Primordial Mother Speaks for Herself

An Earth Day poem by Zakiya Mckenzie


Forest-loving, environment-exploring nature writer Zakiya McMenzie gives Mother Earth a voice

In TOPIA series, Call of the Wild, nature talks. Can you listen?


Before the birth of civilisation
I was
Picked from the order of which
Root itself burst first
In the wet, blackout belly of blue
Deep secret sages and siren sisters
Seen only in the slumbering (submarine) visions
Of divine women who open their eyes
Not knowing they carry my blessing on their heads

When night wraps up in deep violet and delicate velvet
These siren sage women exhale 
(Children sleep)
Wanderers moving through shadow
Floating as galaxy
Everything within

When light flees into shooting star and no wish can satisfy
She is like the drinking gourd
Playing the hand of the sky
Pulling hope through hardship
Steering boat through woods of discord
The caravan’s only true guide
through astral waves and landed shore

Before the growth of modernisation
I was the mother primordial
Watched over by the old woman who
sat with daughters she did not bear
Yet poured into them
with the affinity of moss covering softness
Shaded from time

Taller branches older
For ideas, for flowers
Folded into terra firma
As a baby is swaddled
As a tonic is swallowed
For rhythms that flow through connected veins
Turning bitterwood to sweetwater
when heartblood is mixed in


Primordial mother answers to many names
Oya, daughter of chaos
thrashing as hair pulled from scalp
Howling outwards, whirling inwards
An eye full of calm
As smoke is silence and signal
in the same
She is sweet with the salt of duality
Her mercy is potion that washes the throat
Of those under her grip
She opens the gate while watching the earth rot
Ushering empty souls to overflowing plots
Standing guard at this monument to the anthropocene
Waiting to close the crypt and end the script
Of this earth exhibition

Like a fledging bird finding steadiness on wind
If it never returns, she won’t say a thing
For content is primordial mother
that in this eleventh hour
She gave
She gives
Refusal of honey for taste blunted on sour
Is outside of her power
She may wail for her creation but will preserve her essence
For primordial mother will return to elemental nothingnes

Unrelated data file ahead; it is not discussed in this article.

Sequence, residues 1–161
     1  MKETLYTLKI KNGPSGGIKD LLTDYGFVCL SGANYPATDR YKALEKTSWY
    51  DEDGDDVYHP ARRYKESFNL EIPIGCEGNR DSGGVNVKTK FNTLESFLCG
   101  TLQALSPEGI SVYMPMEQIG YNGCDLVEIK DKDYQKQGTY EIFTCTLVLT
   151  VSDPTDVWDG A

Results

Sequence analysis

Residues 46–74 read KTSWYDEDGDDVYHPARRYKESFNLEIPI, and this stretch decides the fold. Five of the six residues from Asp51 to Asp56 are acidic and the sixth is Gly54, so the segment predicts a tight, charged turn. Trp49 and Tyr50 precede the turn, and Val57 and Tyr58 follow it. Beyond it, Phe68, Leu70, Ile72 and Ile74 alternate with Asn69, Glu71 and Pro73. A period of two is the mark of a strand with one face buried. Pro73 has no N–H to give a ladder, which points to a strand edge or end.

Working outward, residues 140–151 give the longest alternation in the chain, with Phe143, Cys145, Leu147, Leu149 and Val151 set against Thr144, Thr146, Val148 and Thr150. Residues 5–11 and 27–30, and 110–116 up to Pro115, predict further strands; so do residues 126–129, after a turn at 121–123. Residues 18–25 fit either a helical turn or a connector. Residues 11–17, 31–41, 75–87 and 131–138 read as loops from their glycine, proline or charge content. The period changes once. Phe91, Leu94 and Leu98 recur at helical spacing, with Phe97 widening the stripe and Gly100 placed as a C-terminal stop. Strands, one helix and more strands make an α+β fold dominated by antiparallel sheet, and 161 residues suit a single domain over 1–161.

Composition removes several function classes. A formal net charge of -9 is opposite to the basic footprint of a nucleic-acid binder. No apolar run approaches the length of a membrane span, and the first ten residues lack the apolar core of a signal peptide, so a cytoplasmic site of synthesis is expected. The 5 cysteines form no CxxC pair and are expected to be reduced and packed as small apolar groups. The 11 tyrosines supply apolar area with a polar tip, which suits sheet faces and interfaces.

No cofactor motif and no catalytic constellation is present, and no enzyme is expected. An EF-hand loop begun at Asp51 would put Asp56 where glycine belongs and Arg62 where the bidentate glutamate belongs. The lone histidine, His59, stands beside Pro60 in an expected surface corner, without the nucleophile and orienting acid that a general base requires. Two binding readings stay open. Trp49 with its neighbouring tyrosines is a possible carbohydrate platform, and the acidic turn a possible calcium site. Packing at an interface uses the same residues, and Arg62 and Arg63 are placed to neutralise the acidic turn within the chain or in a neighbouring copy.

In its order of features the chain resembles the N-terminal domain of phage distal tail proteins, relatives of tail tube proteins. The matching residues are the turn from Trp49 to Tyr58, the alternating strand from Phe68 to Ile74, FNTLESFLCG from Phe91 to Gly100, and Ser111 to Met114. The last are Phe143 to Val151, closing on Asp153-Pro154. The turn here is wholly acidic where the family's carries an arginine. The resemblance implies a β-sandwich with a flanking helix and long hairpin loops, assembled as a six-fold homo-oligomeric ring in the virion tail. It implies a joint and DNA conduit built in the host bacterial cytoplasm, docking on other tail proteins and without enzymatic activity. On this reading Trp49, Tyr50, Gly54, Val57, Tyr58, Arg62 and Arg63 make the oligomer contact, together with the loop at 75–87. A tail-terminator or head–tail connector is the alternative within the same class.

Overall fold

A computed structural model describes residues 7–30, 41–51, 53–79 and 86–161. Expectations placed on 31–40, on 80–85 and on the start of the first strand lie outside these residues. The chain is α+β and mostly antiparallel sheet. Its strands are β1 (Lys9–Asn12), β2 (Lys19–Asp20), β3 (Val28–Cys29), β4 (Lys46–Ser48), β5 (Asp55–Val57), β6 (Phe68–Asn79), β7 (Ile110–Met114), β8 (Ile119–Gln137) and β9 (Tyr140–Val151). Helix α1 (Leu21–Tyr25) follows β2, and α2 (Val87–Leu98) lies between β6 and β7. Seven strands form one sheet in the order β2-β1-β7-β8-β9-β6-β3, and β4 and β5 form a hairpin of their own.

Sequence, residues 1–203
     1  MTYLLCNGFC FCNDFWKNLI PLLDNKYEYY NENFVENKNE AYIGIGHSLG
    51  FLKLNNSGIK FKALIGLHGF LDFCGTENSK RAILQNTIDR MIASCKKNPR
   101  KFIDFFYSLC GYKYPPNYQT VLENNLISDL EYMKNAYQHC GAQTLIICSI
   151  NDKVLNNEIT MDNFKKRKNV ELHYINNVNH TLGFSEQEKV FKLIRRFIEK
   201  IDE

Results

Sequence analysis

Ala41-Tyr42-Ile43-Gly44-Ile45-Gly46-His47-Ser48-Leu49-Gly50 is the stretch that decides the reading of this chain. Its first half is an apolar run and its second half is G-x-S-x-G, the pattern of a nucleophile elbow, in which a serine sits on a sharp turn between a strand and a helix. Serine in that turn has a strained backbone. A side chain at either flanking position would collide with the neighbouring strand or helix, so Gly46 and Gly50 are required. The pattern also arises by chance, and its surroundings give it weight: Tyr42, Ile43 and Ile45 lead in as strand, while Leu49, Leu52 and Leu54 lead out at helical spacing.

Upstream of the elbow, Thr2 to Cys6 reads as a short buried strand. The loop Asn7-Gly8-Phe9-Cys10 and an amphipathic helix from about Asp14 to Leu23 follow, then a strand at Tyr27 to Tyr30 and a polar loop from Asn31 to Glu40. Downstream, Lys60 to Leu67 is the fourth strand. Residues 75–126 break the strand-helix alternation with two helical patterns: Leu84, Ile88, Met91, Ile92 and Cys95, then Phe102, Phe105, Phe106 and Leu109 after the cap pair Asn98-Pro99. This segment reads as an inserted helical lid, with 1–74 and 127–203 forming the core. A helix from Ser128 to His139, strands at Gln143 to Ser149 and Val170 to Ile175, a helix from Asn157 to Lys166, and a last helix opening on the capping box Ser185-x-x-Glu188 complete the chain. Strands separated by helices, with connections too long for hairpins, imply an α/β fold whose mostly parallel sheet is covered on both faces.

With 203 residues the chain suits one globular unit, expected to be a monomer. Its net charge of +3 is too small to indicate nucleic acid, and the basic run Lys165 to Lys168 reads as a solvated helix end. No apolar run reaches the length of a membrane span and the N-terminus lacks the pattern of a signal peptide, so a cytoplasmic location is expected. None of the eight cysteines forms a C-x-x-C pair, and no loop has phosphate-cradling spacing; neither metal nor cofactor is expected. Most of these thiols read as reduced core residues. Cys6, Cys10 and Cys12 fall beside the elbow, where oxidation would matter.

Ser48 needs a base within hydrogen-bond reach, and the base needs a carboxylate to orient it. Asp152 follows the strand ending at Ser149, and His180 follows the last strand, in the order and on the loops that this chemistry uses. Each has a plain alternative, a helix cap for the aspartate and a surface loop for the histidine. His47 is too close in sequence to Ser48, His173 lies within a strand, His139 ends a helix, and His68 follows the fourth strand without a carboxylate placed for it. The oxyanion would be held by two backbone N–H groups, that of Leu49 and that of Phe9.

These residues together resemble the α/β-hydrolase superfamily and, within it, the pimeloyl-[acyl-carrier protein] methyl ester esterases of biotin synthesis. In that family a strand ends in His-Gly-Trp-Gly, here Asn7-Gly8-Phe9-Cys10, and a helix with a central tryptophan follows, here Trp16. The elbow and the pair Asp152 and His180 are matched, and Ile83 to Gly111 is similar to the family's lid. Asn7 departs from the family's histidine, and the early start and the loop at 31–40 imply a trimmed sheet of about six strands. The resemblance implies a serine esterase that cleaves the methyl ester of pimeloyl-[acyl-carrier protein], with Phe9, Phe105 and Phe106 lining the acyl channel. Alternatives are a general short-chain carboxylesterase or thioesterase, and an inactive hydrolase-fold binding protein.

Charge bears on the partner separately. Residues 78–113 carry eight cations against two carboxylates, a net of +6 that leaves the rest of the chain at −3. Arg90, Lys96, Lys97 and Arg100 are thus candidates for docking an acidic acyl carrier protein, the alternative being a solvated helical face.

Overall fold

Before the birth of anything sure
My bones chalked and my flesh mangled
into dust that made me indistinguishable
From that which made the first man

Commissioned by Inside Out Dorset, made with support from Activate Performing Arts, Arts Council England, Dorset Council and Department for Digital, Culture, Media and Sport.

What’s so good about this?

Primordial Mother did not need to give birth to be recognised as divine. She is a sage by her own nature and her own hard work. Motherhood does not define her wisdom. Primordial Mother eats when she wants and what she wants and doesn’t worry about her figure. She is here to love life and satiate her desires. If only more of us had the chance to indulge in the things that make us happy without judgement.

We’re here for beauty. For leisure. For nice sounds and pretty sights and conjuring wonderful smells and giving you warm and comforting feelings inside. We also have a duty to record and report the matters of the day so that tomorrow, we can learn from today’s mistakes. Art is so inviting that we can use our craft, and spaces we are in, as a call to action or a call to join a community.

Meet the writer

Zakiya McKenzie was born in South London, raised in Kingston and now lives in the southwest of England. In 2019 she was Writer in Residence for Forestry England and, at Ujima 98FM in Bristol, she was a Black and Green Ambassador. Zakiya is a PhD candidate at the University of Exeter with the Caribbean Literary Heritage project, researching Black British journalism in the post–war period. Her debut pamphlet, Testimonies on the History of Jamaica Volume I, is a piece of historical fiction exploring environmental implications, published by Rough Trade Books in 2021. (Photo taken in Leigh Woods, Bristol, by Adrian Sherratt.) Follow @ZakiyaMedia.

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